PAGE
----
Friday, April 22, 2016

Randall Wright's HOCKNEY proves a model doc about a fine artist very much worth exploring

Even folk who are not particularly prone to enjoying fine art probably know some of the work of David Hockney, the British artist who came to America in the 1960s and found it satisfied him in all kinds of ways. His output down the decades since has included paintings of simplicity, sophistication and remarkable use of color; mind-expanding photography in which the placement and framing is as important as the photographs themselves; and some colorful, lively set design. The artist and his work have continued to evolve, and seeing/understanding this evolution is one of the several accomplishments of the fine new documentary by Randall Wright called simply HOCKNEY.

Mr. Wright, shown at left, clearly loves his subject and wants us to share that love. It's not difficult. Via history -- of family and country (birthplace and adopted venue) -- friends, lovers and sources of inspiration, Mr. Wright gives us as close to the whole story as we're likely to see for some time to come. This is a much different, more standard-issue documentary than the very odd (for its time) narrative/doc combo, A Bigger Splash made back in the 1970s, during the time Hockney was reeling from the breakup with his lover (perhaps the only important one in his life), Peter Schlesinger. Wright's film is much more professional than Jack Hazan's but the two no doubt complement each other in very interesting ways. (TrustMovies has not seen A Bigger Splash in maybe 20 years, so his memory of it may need some rebooting.)

We see Schlesinger (above, right) in the new film, too, looking as hot and beautiful as ever, and even a little full-frontal of Mr. Hockney himself -- who seems more than happy to have us filled in -- via various friends -- about his private and professional life.

Hockney takes us from Bradford, England, the artist's birthplace, to his arrival in New York City and then out to Southern California, where he found his home-away-from-home. The artist is best known for his paintings of So.Cal -- and the doc let us see how the place inspired him and what he has given back to it. You come away from this film with a real appreciation for the way in which Hockney sees, among other things, water and the play of light on this, and how, earlier in his career, he used photographs (black-and-white, never color) as the starting point for much of his work.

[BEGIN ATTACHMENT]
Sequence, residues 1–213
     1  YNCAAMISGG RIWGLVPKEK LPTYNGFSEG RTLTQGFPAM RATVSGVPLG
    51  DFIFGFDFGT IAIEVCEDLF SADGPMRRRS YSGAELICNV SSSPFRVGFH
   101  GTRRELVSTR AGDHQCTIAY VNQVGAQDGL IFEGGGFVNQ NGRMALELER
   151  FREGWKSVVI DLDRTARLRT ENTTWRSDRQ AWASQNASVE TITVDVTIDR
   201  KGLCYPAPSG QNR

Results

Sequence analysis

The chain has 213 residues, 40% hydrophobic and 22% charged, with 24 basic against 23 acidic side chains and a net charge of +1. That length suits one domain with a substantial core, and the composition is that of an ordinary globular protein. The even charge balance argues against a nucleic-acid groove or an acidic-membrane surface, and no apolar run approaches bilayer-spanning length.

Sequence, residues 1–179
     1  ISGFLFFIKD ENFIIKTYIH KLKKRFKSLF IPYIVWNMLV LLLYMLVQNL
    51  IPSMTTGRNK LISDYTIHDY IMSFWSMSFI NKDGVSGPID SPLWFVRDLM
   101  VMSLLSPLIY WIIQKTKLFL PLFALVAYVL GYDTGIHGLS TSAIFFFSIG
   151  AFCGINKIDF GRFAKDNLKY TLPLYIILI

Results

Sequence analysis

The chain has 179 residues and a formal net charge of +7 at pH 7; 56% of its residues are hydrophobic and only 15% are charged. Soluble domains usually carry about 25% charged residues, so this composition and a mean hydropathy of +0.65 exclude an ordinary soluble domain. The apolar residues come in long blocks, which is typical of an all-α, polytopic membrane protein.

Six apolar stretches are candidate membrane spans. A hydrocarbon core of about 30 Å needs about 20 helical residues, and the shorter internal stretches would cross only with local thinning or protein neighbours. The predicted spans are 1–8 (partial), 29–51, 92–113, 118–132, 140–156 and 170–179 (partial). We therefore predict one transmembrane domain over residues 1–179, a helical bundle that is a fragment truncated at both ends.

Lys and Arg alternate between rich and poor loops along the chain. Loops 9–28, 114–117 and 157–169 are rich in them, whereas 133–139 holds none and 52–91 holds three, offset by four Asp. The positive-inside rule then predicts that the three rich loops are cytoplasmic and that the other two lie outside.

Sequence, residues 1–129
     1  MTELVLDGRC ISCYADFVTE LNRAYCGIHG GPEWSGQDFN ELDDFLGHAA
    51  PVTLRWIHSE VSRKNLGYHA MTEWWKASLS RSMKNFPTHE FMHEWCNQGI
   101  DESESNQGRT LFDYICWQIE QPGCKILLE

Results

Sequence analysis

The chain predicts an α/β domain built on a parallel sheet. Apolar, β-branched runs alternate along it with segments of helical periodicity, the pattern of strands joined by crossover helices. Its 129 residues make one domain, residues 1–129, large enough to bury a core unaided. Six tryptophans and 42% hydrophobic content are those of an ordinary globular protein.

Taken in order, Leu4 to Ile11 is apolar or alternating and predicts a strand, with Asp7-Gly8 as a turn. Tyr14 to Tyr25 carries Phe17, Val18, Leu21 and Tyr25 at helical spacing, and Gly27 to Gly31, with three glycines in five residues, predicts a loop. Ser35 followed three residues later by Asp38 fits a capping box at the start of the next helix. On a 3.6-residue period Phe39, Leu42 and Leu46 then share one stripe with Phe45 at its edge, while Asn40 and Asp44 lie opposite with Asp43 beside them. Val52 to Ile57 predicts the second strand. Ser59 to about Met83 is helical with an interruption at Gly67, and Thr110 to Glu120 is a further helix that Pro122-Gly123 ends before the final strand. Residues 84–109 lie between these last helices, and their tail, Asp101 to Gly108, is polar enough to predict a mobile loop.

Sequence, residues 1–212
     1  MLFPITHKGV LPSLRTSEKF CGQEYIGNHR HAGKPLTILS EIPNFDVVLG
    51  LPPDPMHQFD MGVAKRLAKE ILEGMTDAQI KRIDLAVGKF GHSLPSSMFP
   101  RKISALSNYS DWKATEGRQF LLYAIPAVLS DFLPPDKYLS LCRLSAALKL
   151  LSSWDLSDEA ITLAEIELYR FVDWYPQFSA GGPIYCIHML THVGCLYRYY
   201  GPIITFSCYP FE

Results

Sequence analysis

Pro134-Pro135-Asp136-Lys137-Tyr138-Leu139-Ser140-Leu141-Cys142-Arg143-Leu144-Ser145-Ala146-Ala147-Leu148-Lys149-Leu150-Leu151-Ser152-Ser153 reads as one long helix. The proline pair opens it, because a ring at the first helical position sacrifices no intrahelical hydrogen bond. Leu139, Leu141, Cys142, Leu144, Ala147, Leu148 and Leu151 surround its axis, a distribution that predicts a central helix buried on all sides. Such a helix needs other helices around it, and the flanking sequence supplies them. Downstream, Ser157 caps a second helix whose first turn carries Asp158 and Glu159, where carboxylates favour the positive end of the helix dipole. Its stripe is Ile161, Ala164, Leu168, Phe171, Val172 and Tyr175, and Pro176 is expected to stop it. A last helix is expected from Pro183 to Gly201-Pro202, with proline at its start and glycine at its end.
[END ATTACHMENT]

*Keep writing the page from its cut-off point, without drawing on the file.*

Hockney's friendship with the late art historian, critic and curator, Henry Geldzahler is explored here, too, and the reminiscences of others of his set are often funny and telling. The artist's own memories prove a lot of fun, too, as he speaks about everything from his parents to Picasso and his run-in with British Customs regarding a cache of male nude magazines.

As an openly gay man throughout much of his adult life, Hockey differed from, say, Andy Warhol (his art, for my money, is a lot better than Warhol's), and this openness becomes part of the charm and genuineness of the documentary. Hockney's homosexuality certainly influenced his art and life, but it seems to have done so in a relatively open and healthy way -- unusual at the time (and even, dare we say, today).

Exactly when major success came to Hockney (and how) is something the movie somehow misses -- unless, of course, he was a huge success from painting number one. Otherwise, the film covers most of the bases and does so with intelligence, energy and as much style as a doc of this sort can muster. Style, in any case, is what Mr. Hockney has in spades, and this translates nicely from his art onto the screen.

From Film Movement and running a lengthy-but-never-uninteresting 112 minutes, Hockney opens today, Friday, April 22, in New York (at The Film Society of Lincoln Center and the new Metrograph) and in Los Angeles at Laemmle's Royal and Playhouse 7.  To see all currently scheduled playdates, with cities and theaters listed, click here and then scroll down.

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